Allison, Nathaniel Thompson. History of Cherokee County, Kansas, and Representative Citizens. Chicago, IL: Biographical Publishing Co., 1904. Online index created by Carolyn Ward, instructor at USD 508, Baxter Springs Middle School, Baxter Springs, Kansas, and State Coordinator for The KSGenWeb Project.

William H. Millstead

WILLIAM H. MILLSTEAD, a prominent and successful member of the Cherokee County Bar, was born in 1839 in North Carolina, and is a son of J. M. and Elizabeth (Purnell) Millstead.

J. M. Millstead was born in Maryland and died in North Carolina at the age of 58 years. Prior to the Civil War, he was a large slave owner and a prosperous merchant. The great struggle entailed heavy losses on him, but he resumed his mercantile business and continued in it until his death. His wife was born in Virginia, and died in North Carolina, in 1869, aged 57 years. They had two sons,—William H. and Frank. The latter enlisted as a private in the 55th Reg., North Carolina Inf., C. S. A., and became 2nd lieutenant of Company F. By trade he was a painter and carriage-maker. He married Bertha Phillips of North Carolina and died in 1896, leaving two children.

William H. Millstead was reared and educated in his native State, and was a student at the University of North Carolina, at the breaking out of the Civil War. On May 6, 1861, he enlisted as a private in Company F, 6th Reg., North Carolina Inf., C. S. A., but was later transferred to Company A, in which he was promoted to the rank of 2nd lieutenant, and served until the end of the war, being finally discharged in May, 1865, at Greensboro, North Carolina. He took part in many of the most serious battles and on all occasions displayed a valor which won him the commendation of his superiors and the admiration of his comrades. He participated in the battles of New Berne; the seven days fighting below Richmond; Second Bull Run; Harper's Ferry; Antietam (where he received a scalp wound); Fredericksburg; the Wilderness; Hanover Court House; Seven Pines (where he was wounded in the left arm); and Petersburg.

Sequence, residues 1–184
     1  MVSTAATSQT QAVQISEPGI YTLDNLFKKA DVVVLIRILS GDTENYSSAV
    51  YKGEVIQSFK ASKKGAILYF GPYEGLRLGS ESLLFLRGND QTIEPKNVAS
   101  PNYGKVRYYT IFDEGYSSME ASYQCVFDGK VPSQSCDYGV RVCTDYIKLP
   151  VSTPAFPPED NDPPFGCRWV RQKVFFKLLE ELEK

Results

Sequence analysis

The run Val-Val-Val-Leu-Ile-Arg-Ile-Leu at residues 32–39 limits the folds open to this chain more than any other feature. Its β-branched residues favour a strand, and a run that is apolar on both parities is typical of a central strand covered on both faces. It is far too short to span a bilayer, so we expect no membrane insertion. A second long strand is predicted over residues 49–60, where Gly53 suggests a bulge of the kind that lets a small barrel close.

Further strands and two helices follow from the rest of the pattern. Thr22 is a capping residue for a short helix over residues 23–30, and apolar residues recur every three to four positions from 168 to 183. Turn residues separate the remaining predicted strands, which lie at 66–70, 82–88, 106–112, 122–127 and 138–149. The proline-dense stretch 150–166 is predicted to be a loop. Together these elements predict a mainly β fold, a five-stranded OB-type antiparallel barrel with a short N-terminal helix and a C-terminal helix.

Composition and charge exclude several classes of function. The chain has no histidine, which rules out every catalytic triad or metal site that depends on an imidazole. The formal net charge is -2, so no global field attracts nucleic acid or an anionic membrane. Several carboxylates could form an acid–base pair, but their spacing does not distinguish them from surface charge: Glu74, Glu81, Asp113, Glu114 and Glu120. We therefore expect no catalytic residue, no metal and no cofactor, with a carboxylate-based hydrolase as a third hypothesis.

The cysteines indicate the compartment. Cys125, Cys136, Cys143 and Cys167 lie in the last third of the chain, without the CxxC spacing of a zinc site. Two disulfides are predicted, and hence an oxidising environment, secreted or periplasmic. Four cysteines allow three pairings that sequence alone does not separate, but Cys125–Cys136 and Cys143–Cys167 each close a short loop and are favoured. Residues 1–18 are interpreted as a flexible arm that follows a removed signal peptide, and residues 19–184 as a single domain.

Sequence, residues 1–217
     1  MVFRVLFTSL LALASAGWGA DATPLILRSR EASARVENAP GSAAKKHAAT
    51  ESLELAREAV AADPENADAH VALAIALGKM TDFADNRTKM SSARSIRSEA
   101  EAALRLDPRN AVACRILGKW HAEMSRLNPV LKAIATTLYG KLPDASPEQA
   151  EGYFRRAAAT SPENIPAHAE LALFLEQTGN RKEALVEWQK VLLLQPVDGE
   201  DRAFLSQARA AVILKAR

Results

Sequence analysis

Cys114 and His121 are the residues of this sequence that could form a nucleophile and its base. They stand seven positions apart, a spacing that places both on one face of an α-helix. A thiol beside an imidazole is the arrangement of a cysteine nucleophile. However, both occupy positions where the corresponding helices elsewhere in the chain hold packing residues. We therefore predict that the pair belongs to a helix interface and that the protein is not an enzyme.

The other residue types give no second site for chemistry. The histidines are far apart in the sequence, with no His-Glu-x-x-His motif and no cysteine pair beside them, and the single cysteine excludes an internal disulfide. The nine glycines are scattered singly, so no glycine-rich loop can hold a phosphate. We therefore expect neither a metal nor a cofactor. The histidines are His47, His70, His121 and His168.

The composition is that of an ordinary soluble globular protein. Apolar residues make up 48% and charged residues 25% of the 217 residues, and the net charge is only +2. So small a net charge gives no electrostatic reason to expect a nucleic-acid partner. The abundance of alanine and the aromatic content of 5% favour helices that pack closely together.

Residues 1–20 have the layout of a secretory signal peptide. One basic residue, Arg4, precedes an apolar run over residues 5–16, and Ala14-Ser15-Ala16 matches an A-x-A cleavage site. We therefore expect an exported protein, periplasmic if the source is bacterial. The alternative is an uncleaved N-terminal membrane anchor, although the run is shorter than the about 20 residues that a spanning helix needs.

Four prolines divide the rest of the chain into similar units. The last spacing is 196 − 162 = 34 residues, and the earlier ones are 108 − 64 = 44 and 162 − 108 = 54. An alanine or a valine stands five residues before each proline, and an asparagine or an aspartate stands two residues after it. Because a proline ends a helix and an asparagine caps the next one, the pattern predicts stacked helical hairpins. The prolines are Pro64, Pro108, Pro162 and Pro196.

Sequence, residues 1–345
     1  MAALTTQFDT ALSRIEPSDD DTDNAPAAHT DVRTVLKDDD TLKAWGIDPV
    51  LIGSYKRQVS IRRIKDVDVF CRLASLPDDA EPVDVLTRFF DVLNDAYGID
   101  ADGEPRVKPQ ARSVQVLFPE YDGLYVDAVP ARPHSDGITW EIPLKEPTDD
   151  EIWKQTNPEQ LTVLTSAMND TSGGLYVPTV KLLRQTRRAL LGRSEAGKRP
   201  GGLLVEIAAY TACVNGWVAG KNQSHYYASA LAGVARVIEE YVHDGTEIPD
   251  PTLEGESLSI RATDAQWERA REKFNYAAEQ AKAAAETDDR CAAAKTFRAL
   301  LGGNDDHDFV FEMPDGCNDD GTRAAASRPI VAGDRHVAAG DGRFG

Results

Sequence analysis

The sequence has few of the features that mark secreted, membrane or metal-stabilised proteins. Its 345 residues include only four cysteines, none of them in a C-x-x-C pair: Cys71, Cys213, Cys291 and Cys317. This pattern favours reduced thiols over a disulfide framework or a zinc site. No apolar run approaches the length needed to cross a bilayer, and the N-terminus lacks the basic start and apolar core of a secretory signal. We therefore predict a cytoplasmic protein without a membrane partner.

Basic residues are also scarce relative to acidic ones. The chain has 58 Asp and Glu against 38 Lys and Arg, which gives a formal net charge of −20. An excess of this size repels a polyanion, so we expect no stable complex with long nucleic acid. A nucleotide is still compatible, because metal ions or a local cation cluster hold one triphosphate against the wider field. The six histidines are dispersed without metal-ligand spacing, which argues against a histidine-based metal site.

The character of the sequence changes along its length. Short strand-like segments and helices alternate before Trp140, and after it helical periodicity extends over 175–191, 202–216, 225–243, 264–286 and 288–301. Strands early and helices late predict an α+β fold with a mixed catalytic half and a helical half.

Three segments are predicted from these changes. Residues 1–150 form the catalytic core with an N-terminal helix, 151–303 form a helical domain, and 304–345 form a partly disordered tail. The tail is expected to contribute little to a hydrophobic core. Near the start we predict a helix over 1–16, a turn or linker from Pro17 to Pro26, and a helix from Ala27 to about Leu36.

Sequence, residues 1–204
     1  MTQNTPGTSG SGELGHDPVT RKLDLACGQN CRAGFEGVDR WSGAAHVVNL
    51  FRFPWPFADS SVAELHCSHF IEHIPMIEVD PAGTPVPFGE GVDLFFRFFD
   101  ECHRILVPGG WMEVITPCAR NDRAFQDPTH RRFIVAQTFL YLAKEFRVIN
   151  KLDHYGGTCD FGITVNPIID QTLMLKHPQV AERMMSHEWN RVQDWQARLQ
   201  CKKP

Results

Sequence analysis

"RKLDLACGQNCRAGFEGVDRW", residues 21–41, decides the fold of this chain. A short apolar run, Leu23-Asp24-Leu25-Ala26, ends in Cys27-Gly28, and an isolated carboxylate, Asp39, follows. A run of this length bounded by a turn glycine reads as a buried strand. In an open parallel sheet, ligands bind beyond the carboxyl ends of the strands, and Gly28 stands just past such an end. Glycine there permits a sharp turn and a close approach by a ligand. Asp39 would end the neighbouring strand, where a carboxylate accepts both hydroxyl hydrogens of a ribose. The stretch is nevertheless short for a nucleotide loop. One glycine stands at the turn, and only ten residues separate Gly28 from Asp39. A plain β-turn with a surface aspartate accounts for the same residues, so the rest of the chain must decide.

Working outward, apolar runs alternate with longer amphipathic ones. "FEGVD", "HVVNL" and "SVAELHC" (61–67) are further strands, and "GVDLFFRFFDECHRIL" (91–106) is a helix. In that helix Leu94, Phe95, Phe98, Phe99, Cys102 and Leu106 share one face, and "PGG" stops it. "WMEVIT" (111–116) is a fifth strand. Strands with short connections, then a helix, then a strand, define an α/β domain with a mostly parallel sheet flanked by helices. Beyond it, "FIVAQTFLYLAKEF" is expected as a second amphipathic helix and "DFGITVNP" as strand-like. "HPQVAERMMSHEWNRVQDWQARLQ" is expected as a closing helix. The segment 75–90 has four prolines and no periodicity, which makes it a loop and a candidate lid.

In the fall of 1865 Mr. Millstead returned to North Carolina, but the hardships of warfare had undermined his health, and he went to Florida for a season. Upon his return he began to teach school and to read law, his studies being directed by A. M. Bogle, a prominent attorney. He continued his law studies after he removed to Carthage and Springfield, Missouri, where he engaged in teaching. He returned to North Carolina, in 1869, to marry, and remained in his native State until 1871, teaching the greater part of the time. Realizing that time must elapse before the "Old North State" could offer inducements to a young and ambitious man, he decided to return to the West. He settled first in Crawford County, Kansas, but came later to Cherokee County, and in 1876, after a short experience in farming, entered upon the practice of his profession, having been admitted to the bar in 1866. He is well and widely known in Cherokee County, has a large practice, and enjoys the reputation of being one of the safest counsellors in this section.

Mr. Millstead was married to Candee C. Hoke, who was also born in North Carolina, and they have five children, vis: Robert E. Lee, Florence, Junea, Alice and Cora. Robert E. Lee, who is superintendent of a smelter at Rich Hill, Missouri, was born in North Carolina, married Nellie Johnson, of Weir City, and has four children,—Fay, Ruth, Lulu and Harry. Florence, who was also born in North Carolina, married Theodore Moody, and they have the following children,—Benjamin, Perly, Pearl, William, Frank and an infant. Junea, Alice and Cora were born in Kansas.

Mr. Millstead has always been a consistent supporter of the Democratic party.

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